Consequently, by employing protecting civilians as a mechanism for limited and targeted aerial intervention, the U.S. would simultaneously contribute towards saving human lives; de-escalating the most deadly aspect of Syrias conflict and a more stable surrounding in which the moderate civil opposition could thrive. Most importantly, the Assad regime will lose its principal source of escalation, while its backers will face less reason to stand so aggressively by his side. Paired with hard diplomacy, such conditions would be at least more potentially favorable to lead towards meaningful negotiations. In September 2013, simply the risk of being limited punitive U.S. strikes sparked a temporary collapse of regime confidence in Damascus, as dozens of figures fled to Beirut with their families. It is by no means unthinkable that a similar situation could be replicated.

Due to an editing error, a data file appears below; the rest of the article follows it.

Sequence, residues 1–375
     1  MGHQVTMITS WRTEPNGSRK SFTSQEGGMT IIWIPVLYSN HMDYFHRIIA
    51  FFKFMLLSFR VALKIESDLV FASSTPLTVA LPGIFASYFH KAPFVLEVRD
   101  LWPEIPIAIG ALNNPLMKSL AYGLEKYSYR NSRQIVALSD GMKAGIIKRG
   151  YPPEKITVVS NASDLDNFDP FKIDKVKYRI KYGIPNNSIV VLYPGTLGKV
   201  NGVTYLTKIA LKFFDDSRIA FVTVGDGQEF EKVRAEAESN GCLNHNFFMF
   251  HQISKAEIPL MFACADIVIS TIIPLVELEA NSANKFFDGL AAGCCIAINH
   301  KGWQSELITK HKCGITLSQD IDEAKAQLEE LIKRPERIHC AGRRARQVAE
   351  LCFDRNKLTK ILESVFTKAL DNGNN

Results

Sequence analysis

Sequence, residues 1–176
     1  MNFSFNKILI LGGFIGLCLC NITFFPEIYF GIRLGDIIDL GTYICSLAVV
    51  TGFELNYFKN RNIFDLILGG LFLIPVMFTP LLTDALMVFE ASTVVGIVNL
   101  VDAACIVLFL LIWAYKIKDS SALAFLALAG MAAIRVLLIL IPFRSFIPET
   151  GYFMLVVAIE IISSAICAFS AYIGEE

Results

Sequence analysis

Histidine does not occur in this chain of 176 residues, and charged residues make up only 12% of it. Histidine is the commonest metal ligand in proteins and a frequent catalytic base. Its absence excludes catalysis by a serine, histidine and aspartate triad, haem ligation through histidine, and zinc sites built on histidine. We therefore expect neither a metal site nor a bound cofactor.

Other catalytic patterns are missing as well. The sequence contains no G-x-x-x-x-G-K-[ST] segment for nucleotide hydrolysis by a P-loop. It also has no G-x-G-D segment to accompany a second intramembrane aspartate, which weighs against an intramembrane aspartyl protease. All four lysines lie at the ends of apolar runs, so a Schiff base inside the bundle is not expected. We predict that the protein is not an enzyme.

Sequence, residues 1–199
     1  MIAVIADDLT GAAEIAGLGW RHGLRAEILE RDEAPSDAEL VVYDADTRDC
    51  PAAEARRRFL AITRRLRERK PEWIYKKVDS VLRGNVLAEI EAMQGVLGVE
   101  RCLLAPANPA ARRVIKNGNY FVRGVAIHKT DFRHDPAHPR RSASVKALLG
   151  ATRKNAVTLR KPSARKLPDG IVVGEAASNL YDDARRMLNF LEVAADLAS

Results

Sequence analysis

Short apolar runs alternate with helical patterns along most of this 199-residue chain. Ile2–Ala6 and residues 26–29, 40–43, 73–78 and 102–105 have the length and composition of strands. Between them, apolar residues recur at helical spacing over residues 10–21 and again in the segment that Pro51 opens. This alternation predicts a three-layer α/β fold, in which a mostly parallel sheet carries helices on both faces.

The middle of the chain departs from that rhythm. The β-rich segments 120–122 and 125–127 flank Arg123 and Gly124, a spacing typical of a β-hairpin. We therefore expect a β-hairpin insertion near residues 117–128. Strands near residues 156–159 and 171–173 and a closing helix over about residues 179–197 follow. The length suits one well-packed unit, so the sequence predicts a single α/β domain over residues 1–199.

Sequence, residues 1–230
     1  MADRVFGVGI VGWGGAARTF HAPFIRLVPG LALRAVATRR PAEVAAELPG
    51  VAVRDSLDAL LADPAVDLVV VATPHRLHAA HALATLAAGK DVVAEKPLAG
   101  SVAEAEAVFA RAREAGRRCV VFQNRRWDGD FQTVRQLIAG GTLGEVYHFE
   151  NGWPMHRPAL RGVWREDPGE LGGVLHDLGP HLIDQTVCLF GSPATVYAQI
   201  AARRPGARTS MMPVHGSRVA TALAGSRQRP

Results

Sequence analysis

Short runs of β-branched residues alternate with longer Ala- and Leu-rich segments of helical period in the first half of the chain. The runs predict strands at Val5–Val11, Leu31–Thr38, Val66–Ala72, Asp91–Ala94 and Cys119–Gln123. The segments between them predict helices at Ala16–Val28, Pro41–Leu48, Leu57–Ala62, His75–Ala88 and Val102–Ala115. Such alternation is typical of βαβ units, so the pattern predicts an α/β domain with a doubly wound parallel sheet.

To challenge the second reality, the U.S. must be recognised that while the vetted opposition is far from perfect, they remain the best and merely viable option on the table for securing a mainstream Sunni Arab role in Syrias future and undermining Al-Qaedas pseudo-revolutionary narration. There are currently at least 50 such vetted opposition cliques across Syria, who have received assistance through the CIAs covert Timber Sycamore program since late-2 012. Such assistance had recently ever been enough for each faction to sustain a role within Syrias complex conflict dynamics. That it has never been sufficient enough to produce genuine moderate opposition dominance is exactly what has allowed Al-Qaeda to step in so strongly. To continue our current policy of just-enough support to the vetted moderate opposition means nothing short of indirectly enabling Al-Qaedas continued growth.